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Oil & Gas

New Interior Secretary rejects Bush offshore drilling plan

February 11, 2009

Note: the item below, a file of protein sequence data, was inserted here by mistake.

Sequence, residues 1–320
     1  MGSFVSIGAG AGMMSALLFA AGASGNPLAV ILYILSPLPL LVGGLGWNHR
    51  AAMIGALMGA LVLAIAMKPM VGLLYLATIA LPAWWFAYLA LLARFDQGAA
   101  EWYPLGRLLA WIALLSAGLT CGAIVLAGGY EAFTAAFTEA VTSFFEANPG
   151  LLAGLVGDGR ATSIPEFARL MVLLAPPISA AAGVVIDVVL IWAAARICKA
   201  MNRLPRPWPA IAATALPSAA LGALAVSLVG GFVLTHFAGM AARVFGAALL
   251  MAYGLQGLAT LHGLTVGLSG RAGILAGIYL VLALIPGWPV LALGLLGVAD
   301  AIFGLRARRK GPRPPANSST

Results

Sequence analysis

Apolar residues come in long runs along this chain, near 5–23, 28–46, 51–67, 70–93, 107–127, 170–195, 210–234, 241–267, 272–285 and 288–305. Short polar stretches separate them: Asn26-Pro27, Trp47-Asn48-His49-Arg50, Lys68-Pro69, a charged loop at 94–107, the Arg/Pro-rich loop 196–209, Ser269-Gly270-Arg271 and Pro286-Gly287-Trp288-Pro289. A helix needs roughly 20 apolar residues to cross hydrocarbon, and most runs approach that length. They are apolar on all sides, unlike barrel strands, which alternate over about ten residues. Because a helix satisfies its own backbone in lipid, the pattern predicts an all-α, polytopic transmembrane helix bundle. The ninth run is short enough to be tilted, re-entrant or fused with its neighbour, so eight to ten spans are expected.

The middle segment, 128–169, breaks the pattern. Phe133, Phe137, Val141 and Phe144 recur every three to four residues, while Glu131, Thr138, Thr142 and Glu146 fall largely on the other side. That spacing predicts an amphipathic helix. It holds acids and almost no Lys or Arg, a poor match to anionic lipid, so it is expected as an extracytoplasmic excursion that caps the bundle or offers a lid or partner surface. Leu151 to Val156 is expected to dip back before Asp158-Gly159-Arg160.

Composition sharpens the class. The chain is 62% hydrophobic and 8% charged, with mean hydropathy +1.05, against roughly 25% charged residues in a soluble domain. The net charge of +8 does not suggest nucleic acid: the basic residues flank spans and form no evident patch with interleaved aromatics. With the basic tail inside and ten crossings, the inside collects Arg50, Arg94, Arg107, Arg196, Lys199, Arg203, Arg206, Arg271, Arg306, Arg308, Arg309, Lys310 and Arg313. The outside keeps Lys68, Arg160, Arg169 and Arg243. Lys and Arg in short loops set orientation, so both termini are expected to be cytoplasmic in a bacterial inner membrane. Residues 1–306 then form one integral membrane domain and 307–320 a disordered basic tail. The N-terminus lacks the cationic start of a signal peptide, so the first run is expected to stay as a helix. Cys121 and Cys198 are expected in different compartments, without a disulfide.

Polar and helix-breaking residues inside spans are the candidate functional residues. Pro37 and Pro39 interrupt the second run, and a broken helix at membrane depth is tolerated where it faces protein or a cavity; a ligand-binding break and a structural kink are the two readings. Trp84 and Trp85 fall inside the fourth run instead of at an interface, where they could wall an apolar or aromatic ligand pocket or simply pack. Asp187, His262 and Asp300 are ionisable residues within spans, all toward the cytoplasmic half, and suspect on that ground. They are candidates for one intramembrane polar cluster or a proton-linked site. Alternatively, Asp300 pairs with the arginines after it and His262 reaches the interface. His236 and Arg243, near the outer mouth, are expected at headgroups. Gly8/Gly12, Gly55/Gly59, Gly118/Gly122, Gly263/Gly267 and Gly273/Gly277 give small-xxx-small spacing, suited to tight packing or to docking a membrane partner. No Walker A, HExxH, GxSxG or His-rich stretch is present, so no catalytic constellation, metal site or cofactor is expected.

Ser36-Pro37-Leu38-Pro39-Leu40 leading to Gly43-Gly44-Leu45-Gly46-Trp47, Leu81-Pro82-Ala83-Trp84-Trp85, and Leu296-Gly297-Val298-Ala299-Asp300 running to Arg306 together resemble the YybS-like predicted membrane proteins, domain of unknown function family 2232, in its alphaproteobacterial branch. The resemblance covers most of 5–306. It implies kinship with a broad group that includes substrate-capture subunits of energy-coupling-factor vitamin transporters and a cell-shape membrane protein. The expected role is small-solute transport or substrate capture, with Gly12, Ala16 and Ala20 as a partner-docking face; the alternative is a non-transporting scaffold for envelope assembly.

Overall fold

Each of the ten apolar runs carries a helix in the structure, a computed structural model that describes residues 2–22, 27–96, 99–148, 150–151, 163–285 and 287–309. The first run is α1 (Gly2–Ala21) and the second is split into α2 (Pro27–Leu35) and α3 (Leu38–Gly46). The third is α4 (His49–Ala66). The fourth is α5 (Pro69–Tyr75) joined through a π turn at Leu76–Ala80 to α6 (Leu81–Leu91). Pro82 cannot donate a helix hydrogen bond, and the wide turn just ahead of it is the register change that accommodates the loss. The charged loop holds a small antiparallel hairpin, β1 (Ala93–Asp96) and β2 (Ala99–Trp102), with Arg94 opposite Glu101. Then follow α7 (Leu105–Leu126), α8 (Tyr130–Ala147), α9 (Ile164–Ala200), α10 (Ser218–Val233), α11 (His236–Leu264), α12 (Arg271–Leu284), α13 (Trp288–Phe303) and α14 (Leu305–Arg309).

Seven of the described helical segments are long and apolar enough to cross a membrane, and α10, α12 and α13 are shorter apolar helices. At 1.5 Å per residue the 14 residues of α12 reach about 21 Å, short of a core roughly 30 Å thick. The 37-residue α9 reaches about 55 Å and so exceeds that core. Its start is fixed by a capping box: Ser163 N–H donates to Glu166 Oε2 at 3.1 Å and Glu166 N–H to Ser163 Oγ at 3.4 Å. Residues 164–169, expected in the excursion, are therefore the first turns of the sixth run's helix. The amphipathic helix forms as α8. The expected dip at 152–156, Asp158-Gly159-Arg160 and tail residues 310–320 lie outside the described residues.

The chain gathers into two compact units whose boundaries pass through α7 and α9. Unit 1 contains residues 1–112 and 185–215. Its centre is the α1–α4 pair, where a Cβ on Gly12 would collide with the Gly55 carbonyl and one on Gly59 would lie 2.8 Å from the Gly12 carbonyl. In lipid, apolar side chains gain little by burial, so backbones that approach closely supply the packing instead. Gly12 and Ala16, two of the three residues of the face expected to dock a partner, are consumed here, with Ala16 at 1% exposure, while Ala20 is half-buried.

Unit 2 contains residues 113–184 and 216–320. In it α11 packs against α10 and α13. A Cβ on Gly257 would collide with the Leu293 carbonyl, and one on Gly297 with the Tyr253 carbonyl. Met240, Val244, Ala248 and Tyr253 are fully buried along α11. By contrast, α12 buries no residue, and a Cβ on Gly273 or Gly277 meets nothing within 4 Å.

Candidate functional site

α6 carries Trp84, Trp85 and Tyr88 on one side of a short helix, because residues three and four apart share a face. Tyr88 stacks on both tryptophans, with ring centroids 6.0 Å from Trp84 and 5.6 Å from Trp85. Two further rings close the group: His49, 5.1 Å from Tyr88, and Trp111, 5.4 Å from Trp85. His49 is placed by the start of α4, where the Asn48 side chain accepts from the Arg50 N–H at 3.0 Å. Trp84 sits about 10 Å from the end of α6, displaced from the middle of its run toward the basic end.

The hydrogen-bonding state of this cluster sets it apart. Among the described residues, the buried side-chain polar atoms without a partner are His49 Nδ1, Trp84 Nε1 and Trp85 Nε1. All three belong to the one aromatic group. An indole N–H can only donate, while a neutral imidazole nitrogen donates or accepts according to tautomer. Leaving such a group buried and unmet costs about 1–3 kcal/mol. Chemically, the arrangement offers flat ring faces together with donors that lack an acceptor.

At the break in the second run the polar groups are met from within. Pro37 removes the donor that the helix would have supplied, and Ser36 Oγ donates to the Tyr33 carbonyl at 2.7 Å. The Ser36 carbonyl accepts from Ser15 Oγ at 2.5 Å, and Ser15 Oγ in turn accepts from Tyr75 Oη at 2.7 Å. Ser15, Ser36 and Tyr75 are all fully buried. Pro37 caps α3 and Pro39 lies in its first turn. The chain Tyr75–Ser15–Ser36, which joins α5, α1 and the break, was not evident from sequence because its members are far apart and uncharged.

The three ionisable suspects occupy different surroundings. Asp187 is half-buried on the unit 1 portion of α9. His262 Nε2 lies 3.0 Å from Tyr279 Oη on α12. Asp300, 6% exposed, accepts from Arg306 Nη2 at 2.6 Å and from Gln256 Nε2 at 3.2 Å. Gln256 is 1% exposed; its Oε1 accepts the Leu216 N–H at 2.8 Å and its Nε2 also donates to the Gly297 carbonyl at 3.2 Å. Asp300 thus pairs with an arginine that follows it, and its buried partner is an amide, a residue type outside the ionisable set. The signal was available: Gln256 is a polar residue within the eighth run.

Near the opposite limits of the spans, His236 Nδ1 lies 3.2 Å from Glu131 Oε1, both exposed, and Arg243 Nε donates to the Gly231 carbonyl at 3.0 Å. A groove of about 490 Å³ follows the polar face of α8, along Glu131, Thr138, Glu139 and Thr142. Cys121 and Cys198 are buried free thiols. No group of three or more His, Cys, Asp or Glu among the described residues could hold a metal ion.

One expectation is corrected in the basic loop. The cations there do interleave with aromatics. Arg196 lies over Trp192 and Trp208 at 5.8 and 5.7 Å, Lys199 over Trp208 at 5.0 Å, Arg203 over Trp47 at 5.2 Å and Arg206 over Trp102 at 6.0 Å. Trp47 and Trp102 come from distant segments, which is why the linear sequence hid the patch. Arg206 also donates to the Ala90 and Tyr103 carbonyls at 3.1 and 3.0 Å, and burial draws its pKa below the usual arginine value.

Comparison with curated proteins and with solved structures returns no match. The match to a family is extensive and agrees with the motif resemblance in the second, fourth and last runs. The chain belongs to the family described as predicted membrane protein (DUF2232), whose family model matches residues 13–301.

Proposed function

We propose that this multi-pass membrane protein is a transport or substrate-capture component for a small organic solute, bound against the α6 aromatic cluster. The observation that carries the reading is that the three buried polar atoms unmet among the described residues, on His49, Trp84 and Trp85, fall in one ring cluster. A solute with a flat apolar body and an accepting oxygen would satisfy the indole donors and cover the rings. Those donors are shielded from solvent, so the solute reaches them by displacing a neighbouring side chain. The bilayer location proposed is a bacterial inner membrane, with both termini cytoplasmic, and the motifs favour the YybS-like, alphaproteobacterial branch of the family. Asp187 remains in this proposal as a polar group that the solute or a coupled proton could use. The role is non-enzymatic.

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The Associated Press reports that, Interior Secretary Ken Salazar has rejected a Bush administration plan to open vast waters off the Pacific and Atlantic coasts to oil and gas drilling. Salazar, at a news conference, criticized "the midnight timetable" for new oil and gas development on the country''s Outer Continental Shelf proposed by the Bush administration just four days before President Barack Obama took office in January. The secretary said the previous administration''s plan did not take into consideration the views of states and coastal communities, nor a need to better understand what energy resources are at stake, especially off the Atlantic coast where oil and gas estimates are more than three decades old. Salazar did not rule out expanded offshore drilling, but criticized the Bush proposal, which envisioned energy development from New England to Alaska including lease sales in areas off California and in the North Atlantic that have been off-limits for a quarter century. Last fall Congress ended the 1981-drilling ban that has kept energy companies from exploring or conducting seismic studies across 85 percent of the offshore federal waters. The Interior Department to issue specific plans for drilling leases. And Salazar indicated that he is in no rush to open vast expanses of long-protected waters. He has directed Interior Department scientists to produce new reports on how much oil and gas might be found off the Atlantic and Pacific coasts and he has extended the public comment period on a new five-year leasing plan to September. He will also hold regional meetings to get comments from the public before continuing with an offshore energy plan. Obama has said he''s not opposed to drilling in some waters that have been off limits, but insisted it should be part of a broader energy plan. Salazar said any offshore energy plan must include a push for more renewable energy, principally wind power. He promised to move aggressively to complete a new regulation on offshore renewable energy programs including wind, solar and wave energy projects. But Salazar did not rule out an expansion off offshore oil and gas drilling. Salazar, however, has not abandoned a proposal for oil and gas leasing off Virginia, which is included in the current drilling plan scheduled to expire in 2012, nor has he indicated a desire to cancel leasing plans off Alaska including in the Chukchi Sea and Bristol Bay were drilling leases are facing court challenges. The announcement was hailed by environmentalists and some drilling opponents in Congress as a new direction for the U.S. offshore energy development. At an energy conference in Houston, BP chief executive Tony Hayward and Royal Dutch Shell CEO Jeroen van der Veer urged the government to open more offshore regions to exploration and production, citing that the companies have the resources and technology to safely tap into the resources with minimal impact to the environment. The Interior Department estimates -- using 30-year-old studies -- that offshore waters recently lifted from drilling bans contain at least 18 billion barrels of oil, about half of it off California.
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